Vietnamese Recipes

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Vietnamese Chicken Salad (Goi Ga) Recipe

The key to great, flavorful gơi bắp cải (chicken and cabbage salad in Vietnamese) is to boil the chicken properly. Flavoring the broth prior to boiling the chicken is essential. This is the one chance you have to infuse additional flavor in the meat. As Tatie Danielle (aunt) says, "everyone knows how to make the sauce, not everyone knows how to cook the meat properly." She used to run a restaurant in the early '90s and is the best Vietnamese chef I know.

Even though this is referred to as a salad, it is typically eaten as a main course. Not only is it a great, filling meal, but nothing goes to waste. With the leftover broth, you can make súp bún măng gà, literally bamboo and chicken rice noodle soup, or a rice congee (cháo gà in Vietnamese), which is a type of chicken and rice porridge. The porridge in particular is great in the winter. I'll post the recipe when it starts getting really cold.  For now, enjoy some Vietnamese Chicken Salad!


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Banana Flower Salad (Goi Bap Chuoi Chay) Recipe

In case you were wondering, banana flowers really are the flowers of the banana plant. They are also known as banana blossoms or banana hearts. The taste is reminiscent of artichoke hearts. They are consumed throughout Southeast Asia and also in India as well. In fact, I bought the banana flowers I used in this dish from an Indian market.

Gỏi bắp chuối chay literally means vegetarian banana flower salad in Vietnamese. It's a popular dish in the Buddhist community where many recipes, due to dietary restrictions requiring vegetarianism, are made to simulate meat. Banana flower salad is thought to imitate the flavor of gỏi gà, Vietnamese chicken salad. Other recipes use ingredients such as tofu skin or fried soy gluten that are chewy and resemble the stringy texture of meat.

This is a dish that is not only exotic but tasty as well. You might not make it every day, but it's definitely something you should try.


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Vietnamese Spinach and Shrimp Soup (Canh Mong Toi) Recipe

Canh tôm rau mồng tơi, literally a soup made with tôm, or shrimp and mồng tơi, or spinach, is usually served as a side dish along with steamed jasmine rice and a dish of meat. 

Rau mồng tơi is a tender and sweet leafy vegetable that is unknown in Western cuisine. In Vietnam, it is a staple of lower income people. In fact, there is a saying using this leaf, "Nghèo rớt mồng tơi!", which approximately translates to "dirt poor". Like rau muống, another Vietnamese leafy vegetable, it is quite expensive in America. I've probably said it in the past: immigrants crave the foods of their childhood and are willing to pay more for the memories. And this soup fits the bill.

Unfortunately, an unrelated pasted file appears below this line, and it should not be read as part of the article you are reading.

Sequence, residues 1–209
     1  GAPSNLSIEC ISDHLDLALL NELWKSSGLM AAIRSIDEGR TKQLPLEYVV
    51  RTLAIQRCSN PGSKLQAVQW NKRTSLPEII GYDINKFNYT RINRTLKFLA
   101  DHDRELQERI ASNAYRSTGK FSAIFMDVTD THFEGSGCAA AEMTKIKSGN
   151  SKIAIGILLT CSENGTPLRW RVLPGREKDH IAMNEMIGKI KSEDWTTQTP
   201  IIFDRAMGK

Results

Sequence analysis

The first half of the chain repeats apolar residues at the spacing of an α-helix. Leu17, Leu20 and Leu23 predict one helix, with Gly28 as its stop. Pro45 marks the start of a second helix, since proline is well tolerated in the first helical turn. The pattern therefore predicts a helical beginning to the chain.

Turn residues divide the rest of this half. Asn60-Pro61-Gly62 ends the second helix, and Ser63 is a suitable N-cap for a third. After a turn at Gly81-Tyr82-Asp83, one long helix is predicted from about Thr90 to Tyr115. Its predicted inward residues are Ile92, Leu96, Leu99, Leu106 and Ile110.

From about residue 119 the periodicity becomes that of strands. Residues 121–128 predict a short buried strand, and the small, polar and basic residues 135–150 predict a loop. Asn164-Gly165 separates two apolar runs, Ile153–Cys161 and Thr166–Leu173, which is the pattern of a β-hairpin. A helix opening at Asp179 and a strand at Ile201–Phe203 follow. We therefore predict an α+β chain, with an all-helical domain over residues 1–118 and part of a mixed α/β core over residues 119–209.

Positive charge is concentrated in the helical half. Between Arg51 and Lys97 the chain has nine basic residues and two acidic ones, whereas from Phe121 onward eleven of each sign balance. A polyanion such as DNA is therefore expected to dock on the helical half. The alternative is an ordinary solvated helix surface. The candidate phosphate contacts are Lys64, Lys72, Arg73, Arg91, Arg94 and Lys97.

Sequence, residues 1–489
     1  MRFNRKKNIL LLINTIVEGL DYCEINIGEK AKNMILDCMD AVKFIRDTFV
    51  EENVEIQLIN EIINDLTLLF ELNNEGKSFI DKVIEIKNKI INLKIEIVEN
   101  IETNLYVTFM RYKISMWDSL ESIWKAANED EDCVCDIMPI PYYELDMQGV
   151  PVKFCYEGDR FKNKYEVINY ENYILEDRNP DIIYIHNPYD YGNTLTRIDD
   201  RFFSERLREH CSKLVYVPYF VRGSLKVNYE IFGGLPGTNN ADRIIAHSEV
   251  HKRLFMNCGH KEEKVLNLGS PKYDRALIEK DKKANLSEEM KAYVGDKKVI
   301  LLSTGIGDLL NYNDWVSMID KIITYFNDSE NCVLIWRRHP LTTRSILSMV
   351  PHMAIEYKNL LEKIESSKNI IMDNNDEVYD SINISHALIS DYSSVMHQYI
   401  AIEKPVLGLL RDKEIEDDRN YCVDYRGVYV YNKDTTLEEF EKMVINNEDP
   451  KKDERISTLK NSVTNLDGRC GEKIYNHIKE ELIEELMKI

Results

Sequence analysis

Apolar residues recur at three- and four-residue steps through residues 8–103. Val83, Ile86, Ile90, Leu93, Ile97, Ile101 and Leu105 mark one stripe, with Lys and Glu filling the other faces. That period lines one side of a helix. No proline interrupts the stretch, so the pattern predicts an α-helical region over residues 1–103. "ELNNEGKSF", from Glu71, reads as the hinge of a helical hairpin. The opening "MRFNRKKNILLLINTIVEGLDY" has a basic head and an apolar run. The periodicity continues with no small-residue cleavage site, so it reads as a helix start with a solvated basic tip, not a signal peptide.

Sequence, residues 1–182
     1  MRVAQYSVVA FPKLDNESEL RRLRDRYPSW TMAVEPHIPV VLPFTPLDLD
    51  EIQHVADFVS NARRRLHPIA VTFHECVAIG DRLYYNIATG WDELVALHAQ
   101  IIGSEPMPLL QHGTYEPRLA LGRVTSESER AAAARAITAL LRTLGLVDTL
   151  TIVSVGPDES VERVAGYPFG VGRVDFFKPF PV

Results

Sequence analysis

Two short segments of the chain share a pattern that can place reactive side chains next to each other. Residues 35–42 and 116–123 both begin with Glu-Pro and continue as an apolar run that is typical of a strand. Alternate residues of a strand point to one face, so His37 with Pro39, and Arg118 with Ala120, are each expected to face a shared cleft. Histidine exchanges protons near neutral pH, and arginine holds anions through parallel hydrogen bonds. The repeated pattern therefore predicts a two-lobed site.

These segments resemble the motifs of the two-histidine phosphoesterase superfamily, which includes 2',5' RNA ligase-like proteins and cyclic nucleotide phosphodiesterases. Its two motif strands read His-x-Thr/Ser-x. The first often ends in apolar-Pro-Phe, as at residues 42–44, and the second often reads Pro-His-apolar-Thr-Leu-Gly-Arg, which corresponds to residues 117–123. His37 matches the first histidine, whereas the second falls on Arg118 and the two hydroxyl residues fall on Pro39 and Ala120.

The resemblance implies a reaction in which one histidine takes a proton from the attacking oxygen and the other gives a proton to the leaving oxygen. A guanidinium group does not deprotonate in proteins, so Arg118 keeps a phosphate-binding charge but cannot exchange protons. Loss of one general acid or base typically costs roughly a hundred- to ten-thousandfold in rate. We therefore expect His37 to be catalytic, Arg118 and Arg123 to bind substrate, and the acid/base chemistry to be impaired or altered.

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Vietnamese-Style Stuffed Tomatoes (Tomates Farcies) Recipe

A lot of Vietnamese dishes are inspired by French cuisine, because Vietnam was a longtime colony of the French empire. Tomates farcies (cà chua nhồi thịt in Vietnamese) is no exception. In Vietnam, it is referred to as tomates farcies, which literally translates to "stuffed tomatoes tomatoes"!

Traditional French stuffed tomatoes are filled with garlic bread crumbs, chair à saucisse and chopped jambon de Bayonne (sausage meat and prosciutto). The Vietnamese version uses the same filling as meat eggrolls.

I used veal for its low fat content as well as its texture and color for this dish. And most important, it cooks pretty fast. You can certainly use any other meat, such as ground beef.

 


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Sweet Tamarind Drink (Nuoc Da Me) Recipe

Nước đá me, literally "tamarind ice cubes" in Vietnamese, is a fairly common drink in Vietnam. It's served in various ways, such as with salted key lime rind preserves, but today I made it with fresh pineapple purée. It's sweet and tart at the same time but most important, it's so refreshing!

Tamarind is quite popular in Asian and South Asian cooking. I usually eat the fresh pods as they are, and use tamarind concentrate or tamarind powder for cooking.


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